SAFe has proven to scale in all situations, from complex software and systems development to bond trading and medical devices to memory chips and fighter aircraft. But, with such a robust Framework, the question becomes: how closely does an organization need to follow various SAFe practices to get the desired result?

Also, when diagnosing SAFe implementation problems, it sometimes becomes apparent that enterprises may have skipped or stopped performing some of these critical practices. To support these challenges, the following Ten Critical Success Factors (Figure 2) highlight the minimal SAFe elements necessary for success.

Figure 2. Ten critical success factors

#1 – Lean-Agile Principles

SAFe practices are grounded in fundamental Lean-Agile Principles. As organizations adopt SAFe, their continuous improvement activities find even better working methods. These principles guide those improvement efforts and ensure the adjustments move toward the ‘shortest sustainable lead time, with the best quality and value to people and society.’

#2 – Real Agile Teams and Trains

Real Agile Teams and ARTs are fully cross-functional and can define, build and test their work. They have everything and everyone necessary to produce a working, tested increment of the solution. They are self-organizing and self-managing, enabling value to flow more quickly with minimal overhead.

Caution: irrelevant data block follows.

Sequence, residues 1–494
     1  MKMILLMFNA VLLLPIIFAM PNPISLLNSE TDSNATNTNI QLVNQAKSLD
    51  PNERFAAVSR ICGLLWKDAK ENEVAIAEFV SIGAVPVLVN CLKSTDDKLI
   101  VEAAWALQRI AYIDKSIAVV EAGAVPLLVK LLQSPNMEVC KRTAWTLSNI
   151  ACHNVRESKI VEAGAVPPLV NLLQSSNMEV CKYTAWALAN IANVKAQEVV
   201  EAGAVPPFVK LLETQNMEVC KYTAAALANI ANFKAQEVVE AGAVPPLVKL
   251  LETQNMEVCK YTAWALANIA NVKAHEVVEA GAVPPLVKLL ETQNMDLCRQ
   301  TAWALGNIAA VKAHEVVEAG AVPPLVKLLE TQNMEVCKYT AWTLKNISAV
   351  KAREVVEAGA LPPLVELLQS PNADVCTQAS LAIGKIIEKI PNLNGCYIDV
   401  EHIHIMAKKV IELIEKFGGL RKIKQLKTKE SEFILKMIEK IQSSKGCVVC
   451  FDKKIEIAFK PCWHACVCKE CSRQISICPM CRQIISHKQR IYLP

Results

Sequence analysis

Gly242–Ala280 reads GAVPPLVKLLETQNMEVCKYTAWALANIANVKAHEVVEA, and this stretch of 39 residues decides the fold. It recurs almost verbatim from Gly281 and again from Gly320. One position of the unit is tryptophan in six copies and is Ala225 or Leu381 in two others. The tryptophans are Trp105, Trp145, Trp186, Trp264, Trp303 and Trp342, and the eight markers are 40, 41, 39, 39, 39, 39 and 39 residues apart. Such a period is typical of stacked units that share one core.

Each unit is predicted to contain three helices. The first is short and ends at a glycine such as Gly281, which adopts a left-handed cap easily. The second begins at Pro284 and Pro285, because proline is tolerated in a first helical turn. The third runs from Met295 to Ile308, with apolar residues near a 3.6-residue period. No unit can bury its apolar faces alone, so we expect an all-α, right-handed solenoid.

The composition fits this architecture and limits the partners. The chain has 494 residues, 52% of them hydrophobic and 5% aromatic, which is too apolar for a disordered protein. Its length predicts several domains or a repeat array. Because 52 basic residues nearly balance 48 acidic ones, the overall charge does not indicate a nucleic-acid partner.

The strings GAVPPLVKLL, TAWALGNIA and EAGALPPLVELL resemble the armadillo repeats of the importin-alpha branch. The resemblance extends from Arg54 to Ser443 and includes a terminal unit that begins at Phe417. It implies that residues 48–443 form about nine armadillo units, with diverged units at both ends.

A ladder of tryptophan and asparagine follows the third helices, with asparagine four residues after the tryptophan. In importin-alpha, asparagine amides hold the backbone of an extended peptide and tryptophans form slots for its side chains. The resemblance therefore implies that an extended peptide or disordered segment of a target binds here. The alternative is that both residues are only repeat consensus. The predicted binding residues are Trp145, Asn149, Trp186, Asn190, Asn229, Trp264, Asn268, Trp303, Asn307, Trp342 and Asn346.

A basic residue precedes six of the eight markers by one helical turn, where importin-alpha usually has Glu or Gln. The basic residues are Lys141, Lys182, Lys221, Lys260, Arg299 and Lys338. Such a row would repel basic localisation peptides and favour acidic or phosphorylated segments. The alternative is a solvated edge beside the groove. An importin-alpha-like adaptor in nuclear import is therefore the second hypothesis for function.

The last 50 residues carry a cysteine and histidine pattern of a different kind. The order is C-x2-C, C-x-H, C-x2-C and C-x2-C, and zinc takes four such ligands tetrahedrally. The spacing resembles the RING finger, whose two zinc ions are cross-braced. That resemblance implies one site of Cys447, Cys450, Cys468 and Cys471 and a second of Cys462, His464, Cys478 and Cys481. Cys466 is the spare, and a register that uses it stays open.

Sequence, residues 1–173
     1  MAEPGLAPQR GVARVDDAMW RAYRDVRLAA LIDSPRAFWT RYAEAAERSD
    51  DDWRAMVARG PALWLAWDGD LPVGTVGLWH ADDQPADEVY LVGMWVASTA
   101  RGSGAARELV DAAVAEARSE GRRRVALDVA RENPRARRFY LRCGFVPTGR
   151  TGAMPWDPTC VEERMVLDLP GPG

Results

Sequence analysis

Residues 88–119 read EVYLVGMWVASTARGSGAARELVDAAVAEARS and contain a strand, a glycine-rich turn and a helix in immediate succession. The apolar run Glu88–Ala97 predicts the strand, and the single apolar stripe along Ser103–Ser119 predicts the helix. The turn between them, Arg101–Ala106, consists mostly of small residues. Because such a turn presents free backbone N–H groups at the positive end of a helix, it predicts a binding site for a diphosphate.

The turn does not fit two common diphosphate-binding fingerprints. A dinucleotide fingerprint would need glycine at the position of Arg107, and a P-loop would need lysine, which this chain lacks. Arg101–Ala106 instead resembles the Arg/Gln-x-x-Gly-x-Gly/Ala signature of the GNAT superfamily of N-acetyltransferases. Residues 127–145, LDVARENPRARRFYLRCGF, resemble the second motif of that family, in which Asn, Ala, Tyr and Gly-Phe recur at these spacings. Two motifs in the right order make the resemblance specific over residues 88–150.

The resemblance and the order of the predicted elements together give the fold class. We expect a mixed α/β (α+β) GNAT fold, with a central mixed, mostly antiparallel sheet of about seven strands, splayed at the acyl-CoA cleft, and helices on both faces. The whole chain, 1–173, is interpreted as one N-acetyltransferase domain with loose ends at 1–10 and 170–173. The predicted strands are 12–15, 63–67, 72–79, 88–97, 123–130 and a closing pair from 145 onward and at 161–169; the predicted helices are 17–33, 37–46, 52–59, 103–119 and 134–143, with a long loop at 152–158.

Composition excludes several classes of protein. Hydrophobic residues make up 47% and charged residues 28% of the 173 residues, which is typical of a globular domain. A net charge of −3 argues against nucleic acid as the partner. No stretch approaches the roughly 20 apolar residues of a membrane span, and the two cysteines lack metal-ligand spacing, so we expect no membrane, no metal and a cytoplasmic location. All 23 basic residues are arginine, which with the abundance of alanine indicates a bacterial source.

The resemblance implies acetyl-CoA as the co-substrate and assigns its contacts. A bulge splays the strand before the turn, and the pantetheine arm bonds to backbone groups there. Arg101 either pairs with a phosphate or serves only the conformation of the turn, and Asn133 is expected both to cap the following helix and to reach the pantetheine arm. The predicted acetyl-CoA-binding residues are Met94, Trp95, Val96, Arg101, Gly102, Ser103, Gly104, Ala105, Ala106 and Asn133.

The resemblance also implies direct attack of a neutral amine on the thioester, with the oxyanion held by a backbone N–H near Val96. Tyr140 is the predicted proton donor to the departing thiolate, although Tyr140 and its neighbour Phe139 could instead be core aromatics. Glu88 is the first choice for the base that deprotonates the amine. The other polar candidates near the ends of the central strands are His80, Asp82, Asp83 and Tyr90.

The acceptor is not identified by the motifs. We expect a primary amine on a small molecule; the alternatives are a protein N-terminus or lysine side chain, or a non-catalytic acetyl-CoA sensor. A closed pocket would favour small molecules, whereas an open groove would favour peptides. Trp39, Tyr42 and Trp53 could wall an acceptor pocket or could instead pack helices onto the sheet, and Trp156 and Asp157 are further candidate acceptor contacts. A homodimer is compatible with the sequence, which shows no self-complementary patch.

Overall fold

#3 – Cadence and Synchronization

Cadence provides a rhythmic pattern, which offers a steady heartbeat for the development process. It makes routine those things that can be routine. Synchronization allows multiple perspectives to be understood and resolved at the same time. For example, synchronization pulls the various assets of a system together to assess solution-level viability.

#4 – PI Planning

No event is more powerful in SAFe than PI planning which provides the rhythm for the ART and connects strategy to execution by ensuring business and technology alignment. PI Planning is where the people who do the work plan the work. Aligning the entire ART with a common vision and goal creates energy and a shared sense of purpose.

#5 – Customer Centricity, DevOps, and Release on Demand